Find Information About:

Drugs & Supplements

Get information and reviews on prescription drugs, over-the-counter medications, vitamins, and supplements. Search by name or medical condition.

Pill Identifier
WebMD

Pill Identifier

Having trouble identifying your pills?

Enter the shape, color, or imprint of your prescription or OTC drug. Our pill identification tool will display pictures that you can compare to your pill.

Get Started
My Medicine
WebMD

My Medicine

Save your medicine, check interactions, sign up for FDA alerts, create family profiles and more.

Get Started

WebMD Health Experts and Community

Talk to health experts and other people like you in WebMD's Communities. It's a safe forum where you can create or participate in support groups and discussions about health topics that interest you.

  • Second Opinion
    WebMD

    Second Opinion

    Read expert perspectives on popular health topics.

  • Community
    WebMD

    Community

    Connect with people like you, and get expert guidance on living a healthy life.

Got a health question? Get answers provided by leading organizations, doctors, and experts.

Get Answers

Sign up to receive WebMD's award-winning content delivered to your inbox.

Sign Up

Health & Sex

Font Size
A
A
A

Aphrodisiacs: Better Sex or Just Bunk?


WebMD Feature

Men and women have sought aphrodisiacs, agents that arouse or increase sexual response or desire, since the beginning of time. Aphrodisiacs may well be the one thing that crosses all barriers -- race, culture, ethnicity, age -- making it unanimous: We all want to have better sex.

Recommended Related to Sex & Relationships

How to Give Her the Most Spectacular Foot Massage Ever

By Trista Thorp Master this toe-curling, nine-step process and she'll be yours forever. Considering that a massage from our expert, massage therapist Trista Thorp of the Golden Door Spa in California, takes over an hour, there was no way we could capture all of her techniques in the magazine. We can't do it here, either, but at least we can offer you a few more. Make her a Thai footbath. Slice up half a lime and put it in a bowl of warm water. Rest her feet in the water while...

Read the How to Give Her the Most Spectacular Foot Massage Ever article > >

If you looked hard enough, you could find an authority for almost any folk belief about the stimulating properties of a substance. And although the Food and Drug Administration has determined that all these non-medicinal approaches are ineffective, people still follow their heart's desire in search of the perfect catalyst for love.

Foods

One category of foods that were thought to be aphrodisiacs are foods that resemble genitalia. Eggs and caviar may come to mind, as well as asparagus, celery, and onions. Clams and oysters also lay claim to aphrodisiac qualities because of their shape and texture. Oysters, in fact, are high in zinc -- a nutrient that was lacking in people's diets at one time; eating them could improve a nutritionally deficient diet, thus improving a person's overall health and increasing his or her sex drive.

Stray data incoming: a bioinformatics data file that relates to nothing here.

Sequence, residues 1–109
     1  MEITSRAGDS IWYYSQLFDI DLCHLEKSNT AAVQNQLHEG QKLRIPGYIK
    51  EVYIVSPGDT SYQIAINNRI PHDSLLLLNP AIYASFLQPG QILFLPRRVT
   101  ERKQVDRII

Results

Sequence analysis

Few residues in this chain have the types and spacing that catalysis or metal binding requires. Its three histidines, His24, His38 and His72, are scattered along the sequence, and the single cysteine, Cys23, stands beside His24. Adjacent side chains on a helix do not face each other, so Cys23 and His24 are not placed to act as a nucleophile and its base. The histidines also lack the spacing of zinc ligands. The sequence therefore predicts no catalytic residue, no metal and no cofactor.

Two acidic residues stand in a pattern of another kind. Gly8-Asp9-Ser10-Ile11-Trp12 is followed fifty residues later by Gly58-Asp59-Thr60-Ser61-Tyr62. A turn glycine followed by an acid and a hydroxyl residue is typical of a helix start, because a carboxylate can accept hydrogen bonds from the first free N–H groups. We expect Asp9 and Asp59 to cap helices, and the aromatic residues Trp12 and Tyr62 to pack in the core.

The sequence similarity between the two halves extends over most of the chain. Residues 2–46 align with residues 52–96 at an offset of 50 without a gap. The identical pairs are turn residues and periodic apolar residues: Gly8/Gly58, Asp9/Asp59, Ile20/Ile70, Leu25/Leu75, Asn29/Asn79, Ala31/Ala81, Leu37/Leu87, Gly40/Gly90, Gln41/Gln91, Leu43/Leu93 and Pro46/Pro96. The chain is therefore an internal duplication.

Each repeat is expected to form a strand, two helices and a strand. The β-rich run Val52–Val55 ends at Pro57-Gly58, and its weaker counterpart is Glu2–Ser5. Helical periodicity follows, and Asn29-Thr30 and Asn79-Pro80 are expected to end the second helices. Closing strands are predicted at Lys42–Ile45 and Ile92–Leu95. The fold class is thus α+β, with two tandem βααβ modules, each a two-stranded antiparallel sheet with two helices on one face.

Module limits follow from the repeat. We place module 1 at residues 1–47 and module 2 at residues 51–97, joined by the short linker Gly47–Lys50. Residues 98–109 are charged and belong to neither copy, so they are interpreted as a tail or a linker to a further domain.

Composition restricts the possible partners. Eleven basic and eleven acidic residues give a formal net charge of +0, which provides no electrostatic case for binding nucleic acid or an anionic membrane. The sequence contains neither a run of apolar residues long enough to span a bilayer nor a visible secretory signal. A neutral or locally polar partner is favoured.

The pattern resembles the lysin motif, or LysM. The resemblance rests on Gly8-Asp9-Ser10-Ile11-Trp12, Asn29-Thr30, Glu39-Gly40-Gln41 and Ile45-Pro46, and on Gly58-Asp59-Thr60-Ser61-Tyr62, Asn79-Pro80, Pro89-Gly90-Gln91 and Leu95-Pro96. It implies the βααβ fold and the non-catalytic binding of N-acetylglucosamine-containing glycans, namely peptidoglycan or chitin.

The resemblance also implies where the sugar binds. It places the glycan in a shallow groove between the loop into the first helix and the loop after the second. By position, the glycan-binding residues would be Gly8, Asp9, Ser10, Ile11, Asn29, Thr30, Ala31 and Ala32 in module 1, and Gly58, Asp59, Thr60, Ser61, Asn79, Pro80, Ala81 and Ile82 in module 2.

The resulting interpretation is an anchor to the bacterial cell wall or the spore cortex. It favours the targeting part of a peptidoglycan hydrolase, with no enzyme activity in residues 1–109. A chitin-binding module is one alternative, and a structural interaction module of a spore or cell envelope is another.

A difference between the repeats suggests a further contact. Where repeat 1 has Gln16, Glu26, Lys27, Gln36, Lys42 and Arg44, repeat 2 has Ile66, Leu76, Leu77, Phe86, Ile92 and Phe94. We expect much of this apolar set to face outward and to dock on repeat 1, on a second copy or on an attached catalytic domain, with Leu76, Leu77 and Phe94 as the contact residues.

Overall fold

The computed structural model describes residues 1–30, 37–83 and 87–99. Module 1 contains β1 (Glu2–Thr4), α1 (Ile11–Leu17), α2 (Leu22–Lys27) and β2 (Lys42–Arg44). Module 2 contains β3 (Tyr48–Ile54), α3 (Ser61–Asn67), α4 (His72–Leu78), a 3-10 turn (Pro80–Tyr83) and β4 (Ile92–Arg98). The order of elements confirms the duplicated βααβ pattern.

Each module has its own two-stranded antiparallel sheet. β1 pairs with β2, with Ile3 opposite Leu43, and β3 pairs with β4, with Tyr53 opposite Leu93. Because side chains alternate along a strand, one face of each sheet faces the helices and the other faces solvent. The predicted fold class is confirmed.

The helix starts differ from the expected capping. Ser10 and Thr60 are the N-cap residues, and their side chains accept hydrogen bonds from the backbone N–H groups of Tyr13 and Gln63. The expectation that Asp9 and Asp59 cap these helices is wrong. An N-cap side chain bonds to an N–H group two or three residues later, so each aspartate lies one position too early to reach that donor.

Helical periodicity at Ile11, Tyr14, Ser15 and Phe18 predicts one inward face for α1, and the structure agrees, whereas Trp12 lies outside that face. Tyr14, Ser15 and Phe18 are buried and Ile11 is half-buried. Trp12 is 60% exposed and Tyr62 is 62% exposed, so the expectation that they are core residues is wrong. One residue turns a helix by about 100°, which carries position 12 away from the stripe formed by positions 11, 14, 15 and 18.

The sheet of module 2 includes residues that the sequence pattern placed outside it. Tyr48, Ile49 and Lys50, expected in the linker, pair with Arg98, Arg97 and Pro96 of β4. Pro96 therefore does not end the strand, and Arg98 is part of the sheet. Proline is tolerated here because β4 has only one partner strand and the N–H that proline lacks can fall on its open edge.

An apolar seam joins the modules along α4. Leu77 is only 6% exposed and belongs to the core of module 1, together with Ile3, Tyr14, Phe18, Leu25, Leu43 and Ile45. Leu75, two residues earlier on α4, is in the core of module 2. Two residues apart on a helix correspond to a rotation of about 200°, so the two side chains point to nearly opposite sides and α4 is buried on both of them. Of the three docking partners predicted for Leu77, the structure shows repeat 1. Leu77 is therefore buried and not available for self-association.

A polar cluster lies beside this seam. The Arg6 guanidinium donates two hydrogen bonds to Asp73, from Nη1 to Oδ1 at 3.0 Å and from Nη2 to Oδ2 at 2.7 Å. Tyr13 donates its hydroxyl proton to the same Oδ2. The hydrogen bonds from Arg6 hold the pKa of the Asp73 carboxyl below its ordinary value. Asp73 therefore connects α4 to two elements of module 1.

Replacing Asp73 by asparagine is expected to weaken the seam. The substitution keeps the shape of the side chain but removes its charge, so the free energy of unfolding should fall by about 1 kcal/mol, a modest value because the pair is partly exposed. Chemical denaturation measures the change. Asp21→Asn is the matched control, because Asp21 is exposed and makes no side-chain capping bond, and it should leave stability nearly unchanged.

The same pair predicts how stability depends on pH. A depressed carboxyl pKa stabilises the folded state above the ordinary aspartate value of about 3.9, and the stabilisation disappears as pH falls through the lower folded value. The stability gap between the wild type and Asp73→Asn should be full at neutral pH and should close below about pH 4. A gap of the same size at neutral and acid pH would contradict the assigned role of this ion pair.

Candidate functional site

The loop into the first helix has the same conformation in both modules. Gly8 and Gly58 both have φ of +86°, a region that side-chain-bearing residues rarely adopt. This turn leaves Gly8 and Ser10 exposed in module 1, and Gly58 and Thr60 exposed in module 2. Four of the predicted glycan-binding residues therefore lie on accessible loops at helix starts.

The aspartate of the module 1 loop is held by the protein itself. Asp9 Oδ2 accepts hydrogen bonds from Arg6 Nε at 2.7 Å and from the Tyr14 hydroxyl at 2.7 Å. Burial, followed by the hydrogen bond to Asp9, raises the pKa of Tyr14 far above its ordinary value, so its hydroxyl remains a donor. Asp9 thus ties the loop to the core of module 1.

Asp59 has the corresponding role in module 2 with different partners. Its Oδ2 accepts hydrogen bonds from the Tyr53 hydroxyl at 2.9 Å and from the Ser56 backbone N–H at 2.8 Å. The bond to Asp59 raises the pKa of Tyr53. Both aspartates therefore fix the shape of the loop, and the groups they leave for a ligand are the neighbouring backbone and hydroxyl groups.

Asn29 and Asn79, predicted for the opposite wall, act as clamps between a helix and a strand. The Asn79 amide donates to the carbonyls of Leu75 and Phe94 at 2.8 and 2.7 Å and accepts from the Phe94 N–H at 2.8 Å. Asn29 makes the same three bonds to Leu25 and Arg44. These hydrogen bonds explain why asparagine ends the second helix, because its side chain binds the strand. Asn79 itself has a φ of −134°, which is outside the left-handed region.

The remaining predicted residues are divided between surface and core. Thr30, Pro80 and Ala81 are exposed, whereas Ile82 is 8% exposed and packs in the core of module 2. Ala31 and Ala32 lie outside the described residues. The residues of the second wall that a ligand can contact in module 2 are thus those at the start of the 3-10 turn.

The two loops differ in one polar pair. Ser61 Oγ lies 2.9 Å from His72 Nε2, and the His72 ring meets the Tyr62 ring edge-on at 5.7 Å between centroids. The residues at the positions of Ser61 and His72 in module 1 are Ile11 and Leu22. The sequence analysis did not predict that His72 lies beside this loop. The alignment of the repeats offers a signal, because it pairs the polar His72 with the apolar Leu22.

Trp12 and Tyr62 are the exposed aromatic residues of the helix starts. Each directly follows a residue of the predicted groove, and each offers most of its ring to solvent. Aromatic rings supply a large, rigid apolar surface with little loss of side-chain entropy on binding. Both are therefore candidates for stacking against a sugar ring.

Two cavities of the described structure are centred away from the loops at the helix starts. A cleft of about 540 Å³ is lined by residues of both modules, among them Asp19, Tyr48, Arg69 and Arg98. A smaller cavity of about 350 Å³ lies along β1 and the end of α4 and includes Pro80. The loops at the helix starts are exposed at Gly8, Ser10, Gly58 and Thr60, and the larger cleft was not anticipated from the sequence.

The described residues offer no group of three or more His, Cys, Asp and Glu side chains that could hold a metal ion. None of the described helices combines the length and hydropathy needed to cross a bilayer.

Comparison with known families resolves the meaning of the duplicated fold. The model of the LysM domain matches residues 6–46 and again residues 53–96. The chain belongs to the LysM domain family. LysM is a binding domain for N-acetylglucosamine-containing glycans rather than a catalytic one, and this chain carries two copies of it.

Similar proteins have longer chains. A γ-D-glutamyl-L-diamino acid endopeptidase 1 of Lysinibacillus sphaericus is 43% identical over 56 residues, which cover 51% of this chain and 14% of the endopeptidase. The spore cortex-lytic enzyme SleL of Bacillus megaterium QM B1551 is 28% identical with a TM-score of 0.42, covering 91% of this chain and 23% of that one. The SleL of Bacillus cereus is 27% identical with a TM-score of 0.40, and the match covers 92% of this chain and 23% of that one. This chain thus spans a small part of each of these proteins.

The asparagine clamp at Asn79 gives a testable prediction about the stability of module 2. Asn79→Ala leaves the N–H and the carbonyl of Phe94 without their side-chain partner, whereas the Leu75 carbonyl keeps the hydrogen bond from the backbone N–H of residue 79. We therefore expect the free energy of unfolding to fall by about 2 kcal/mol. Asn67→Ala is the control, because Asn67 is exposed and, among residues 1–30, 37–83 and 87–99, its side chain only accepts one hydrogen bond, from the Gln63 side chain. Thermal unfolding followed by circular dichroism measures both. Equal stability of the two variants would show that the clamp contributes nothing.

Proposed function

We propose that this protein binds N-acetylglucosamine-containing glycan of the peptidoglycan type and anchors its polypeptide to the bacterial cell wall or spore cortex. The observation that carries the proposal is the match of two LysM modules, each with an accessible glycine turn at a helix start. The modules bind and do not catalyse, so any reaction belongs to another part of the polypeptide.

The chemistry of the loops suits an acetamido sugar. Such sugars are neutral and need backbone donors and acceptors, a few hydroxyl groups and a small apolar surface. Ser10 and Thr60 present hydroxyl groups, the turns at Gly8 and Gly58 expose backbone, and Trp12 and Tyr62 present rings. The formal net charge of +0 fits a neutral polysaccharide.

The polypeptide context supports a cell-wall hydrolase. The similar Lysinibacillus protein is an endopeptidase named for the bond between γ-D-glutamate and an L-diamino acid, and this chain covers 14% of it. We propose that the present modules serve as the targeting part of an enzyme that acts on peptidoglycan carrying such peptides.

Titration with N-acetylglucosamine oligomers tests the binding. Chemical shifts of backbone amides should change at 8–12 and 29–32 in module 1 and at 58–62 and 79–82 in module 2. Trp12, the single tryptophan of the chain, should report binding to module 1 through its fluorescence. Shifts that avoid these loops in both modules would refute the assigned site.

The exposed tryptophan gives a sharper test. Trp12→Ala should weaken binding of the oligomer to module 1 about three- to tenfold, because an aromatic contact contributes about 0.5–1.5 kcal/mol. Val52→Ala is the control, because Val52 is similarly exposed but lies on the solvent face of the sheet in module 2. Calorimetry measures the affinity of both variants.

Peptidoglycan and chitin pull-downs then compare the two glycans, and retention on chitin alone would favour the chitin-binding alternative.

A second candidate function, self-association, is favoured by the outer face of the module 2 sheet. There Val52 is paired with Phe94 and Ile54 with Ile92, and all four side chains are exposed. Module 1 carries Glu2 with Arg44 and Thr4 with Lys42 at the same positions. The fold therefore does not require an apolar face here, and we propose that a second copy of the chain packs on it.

Spicy foods have long been considered to be sexual stimulants. There is some scientific truth to this claim in that foods that are heavily spiced often contain capsaicin, the active ingredient in cayenne pepper. Eating capsaicin can cause a physiological response -- increased heart rate and metabolism, sometimes even sweating -- that is quite similar to the physical reactions experienced during sex.

Okra is another reputed vegetable of love. Rich in magnesium, it's a natural relaxant. It's also full of iron, folate, zinc, and vitamin B, all nutrients that keep your sex organs healthy and happy. A little gumbo, anyone?

Herbs

An herb very commonly associated with love is ginseng. Some say ginseng is an aphrodisiac because it actually looks like the human body. (The word ginseng even means "man root.") Studies have reported sexual response in animals who have been given ginseng, but there is no evidence to date of ginseng having any effect on humans.

Yohimbe is an herb found in Africa and India that for centuries has been thought to possess aphrodisiac qualities. It works by stimulating nerve centers in the spine, thereby improving the capacity for erection without increasing sexual excitement. These days, some call it the herbal Viagra. Unfortunately, there are side effects to taking this herb, which include anxiety, weakness, overstimulation, paralysis, and hallucinations. Sounds like a large price to pay for the possibility of better sex, don't you think?

Today on WebMD

couple not communicating
How to tell when you're in one.
couple face to face
Get your love life back on track.
 
couple having an argument
Turn spats into solutions
couple in argument
When to call it quits.
 
Life Cycle of a Penis
Article
HIV Myth Facts
Slideshow
 
How Healthy is Your Sex Life
Quiz
Couple in bed
Video
 
6 Tips For Teens
Article
Close-up of young man
Article
 
screening tests for men
Slideshow
HPV Vaccine Future
Article